5 Tips To Help You Avoid Foreclosure

This subject has hit home for me lately. I don’t even have a mortgage yet, so it’s not a personal situation, but someone I know is going through some financial issues right now with their mortgage. This is the first time that I’ve been affected by it on a somewhat personal level. Here are five things you can do to help prevent foreclosure:

  1. Negotiate with your mortgage lender. They won’t talk to you at first, so you need to show them proof that you can’t afford the payment anymore. Explain the situation to them in a “hardship letter” and send the letter by certified mail so that you have confirmation that it was received by a human being. If there is a life even such as a death in a family, loss of job, change of job, or unexpected illness, then explain this to them. Mortgage companies don’t want these properties. They’ll take them if they have to, but many of them are now willing to work with borrowers to help them save their houses.
  2. Ask for a short-sale. Selling your house before you fall behind on your payment is the best thing you can do, but that’s easier said than done. However, right now you might be able to find a first-time home buyer looking for a deal. Ask your lender to agree to a short-sale deal. This means that if you owe more on the house than its fair market value, the mortgage company will agree to sell the house at a lower price than it’s worth without keeping you liable for the remaining amount on the loan. Short-sales are tough deals to make, and many buyers get turned off by how complicated they can be, but this is a great option if the lender is willing to do it.
  3. A Deed in lieu of foreclosure. This is still a foreclosure, but it’s a little nicer foreclosure. Basically, the advantage to it is that the borrower and the lender transfer the property from the borrower back over to the lender like a foreclosure, but without the extensive foreclosure proceedings including all of the fees associated with foreclosing on a borrower. Lenders like it, and borrowers have less of a burden handing over the property to the lender.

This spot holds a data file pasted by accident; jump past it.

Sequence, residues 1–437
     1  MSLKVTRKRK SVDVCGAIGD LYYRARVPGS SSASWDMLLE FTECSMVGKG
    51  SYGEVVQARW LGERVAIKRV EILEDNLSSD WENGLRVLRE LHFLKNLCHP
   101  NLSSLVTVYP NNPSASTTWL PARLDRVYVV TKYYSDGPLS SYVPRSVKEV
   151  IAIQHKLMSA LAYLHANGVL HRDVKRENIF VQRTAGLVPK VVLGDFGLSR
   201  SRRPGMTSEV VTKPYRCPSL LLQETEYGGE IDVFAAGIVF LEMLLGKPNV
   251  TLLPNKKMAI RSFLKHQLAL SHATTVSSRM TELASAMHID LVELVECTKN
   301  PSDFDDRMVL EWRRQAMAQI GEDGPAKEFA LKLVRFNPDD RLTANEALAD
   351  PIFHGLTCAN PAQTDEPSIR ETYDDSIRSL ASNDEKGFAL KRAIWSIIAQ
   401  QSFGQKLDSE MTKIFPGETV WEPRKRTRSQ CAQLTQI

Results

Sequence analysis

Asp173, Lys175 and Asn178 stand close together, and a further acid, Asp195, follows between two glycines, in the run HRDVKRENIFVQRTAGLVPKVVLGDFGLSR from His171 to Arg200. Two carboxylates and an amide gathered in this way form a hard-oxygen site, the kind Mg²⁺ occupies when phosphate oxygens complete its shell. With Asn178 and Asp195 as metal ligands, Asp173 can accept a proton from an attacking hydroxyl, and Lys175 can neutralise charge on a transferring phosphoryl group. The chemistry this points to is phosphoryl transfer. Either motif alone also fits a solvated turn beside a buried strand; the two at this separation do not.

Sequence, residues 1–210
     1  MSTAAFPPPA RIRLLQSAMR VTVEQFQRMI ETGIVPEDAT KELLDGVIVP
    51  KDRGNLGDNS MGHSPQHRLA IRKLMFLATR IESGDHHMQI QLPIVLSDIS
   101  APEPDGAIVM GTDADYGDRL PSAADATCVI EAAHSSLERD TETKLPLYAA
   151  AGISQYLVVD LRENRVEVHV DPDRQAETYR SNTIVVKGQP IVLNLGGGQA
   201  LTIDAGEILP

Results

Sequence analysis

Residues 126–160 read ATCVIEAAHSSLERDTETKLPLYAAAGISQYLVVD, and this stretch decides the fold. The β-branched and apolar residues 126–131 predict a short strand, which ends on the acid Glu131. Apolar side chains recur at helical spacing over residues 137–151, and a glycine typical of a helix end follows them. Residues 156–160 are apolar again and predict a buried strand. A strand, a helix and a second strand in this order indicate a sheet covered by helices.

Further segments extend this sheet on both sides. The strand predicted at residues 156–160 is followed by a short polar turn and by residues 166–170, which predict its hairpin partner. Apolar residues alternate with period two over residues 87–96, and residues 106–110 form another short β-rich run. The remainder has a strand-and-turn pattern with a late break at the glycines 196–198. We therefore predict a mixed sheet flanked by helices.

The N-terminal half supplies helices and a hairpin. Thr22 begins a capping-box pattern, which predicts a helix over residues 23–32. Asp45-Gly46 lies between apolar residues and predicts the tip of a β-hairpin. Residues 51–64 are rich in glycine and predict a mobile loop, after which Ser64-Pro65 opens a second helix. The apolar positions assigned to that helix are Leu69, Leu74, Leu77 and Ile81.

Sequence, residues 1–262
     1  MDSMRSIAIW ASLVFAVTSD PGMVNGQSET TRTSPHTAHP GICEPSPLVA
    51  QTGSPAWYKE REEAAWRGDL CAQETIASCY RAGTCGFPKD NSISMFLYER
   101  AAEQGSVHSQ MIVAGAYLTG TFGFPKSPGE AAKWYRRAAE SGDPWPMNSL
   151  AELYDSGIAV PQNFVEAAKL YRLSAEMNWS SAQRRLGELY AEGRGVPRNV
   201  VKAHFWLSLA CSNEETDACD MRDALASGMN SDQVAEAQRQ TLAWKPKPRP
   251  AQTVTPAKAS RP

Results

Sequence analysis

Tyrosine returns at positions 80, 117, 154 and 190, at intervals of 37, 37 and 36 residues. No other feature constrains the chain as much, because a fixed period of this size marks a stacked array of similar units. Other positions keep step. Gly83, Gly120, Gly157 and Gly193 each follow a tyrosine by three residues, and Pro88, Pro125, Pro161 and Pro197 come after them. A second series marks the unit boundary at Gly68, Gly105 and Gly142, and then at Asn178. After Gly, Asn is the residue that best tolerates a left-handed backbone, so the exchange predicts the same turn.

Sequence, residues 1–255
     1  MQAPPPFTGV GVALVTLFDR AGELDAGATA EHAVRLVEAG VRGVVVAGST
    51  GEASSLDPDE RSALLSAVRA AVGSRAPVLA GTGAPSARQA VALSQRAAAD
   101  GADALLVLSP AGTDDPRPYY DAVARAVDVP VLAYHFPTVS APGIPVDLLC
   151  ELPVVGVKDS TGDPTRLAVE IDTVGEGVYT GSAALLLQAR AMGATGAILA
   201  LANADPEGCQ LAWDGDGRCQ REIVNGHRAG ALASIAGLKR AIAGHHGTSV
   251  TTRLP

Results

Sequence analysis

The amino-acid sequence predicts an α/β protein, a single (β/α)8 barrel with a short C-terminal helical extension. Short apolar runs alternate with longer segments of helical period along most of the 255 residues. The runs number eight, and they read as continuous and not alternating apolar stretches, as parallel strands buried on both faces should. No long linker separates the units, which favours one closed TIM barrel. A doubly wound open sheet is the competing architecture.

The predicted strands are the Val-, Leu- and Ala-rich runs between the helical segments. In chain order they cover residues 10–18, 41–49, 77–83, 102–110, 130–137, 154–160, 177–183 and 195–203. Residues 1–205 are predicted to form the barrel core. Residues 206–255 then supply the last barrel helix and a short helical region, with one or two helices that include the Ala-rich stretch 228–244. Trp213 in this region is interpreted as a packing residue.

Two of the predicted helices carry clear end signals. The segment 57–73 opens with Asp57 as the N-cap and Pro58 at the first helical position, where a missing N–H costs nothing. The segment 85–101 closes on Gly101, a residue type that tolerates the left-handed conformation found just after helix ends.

4. Start working extra jobs. If lack of income or a change in jobs with a lower income is all that is separating you from keeping your home, get an extra job! You can do it, and it only has to be temporary until you find a higher paying job. It may suck coming home at 11pm every night, but you’ll avoid having a foreclosure on your credit record for seven years.Refinance the home. This can only be done if you have some equity in the home. Some people get into a financial bind, because they had a 5/1 adjustable rate mortgage that’s now starting to adjust upward, or they had an interest only loan that’s no longer interest-only. Some people just have very high fixed rates, because they were pressured into a raw deal. The rates are very low right now, and you can get a low-cost refinance done as long as your appraisal comes in to the value of the new mortgage you need.

There is hope, and you can get out of this mess. Foreclosure and bankruptcy should be your last options when you are in a financial bind. You will meet people that act like it’s no big deal, and it’s the easy way out. It’s not the easy way out, and people that tell you that are probably people that have never gone through a foreclosure or a bankruptcy. Do all you can to save the roof over your head. You’ll thank yourself five years from now.

  • http://www.investmentplayground.net InvestmentPlayground

    YES – someone finally said it! Foreclosure is NOT a feasible option! I wrote about this on my blog as well – it’s unbelievable how some people are now consciously making the decision to foreclose – as if it’s a diet pepsi or regular pepsi. Your tips on direct negotiation with the bank are good – banks are now much more willing to help out. For a bank, losing a few thousand dollars is preferred over owning homes.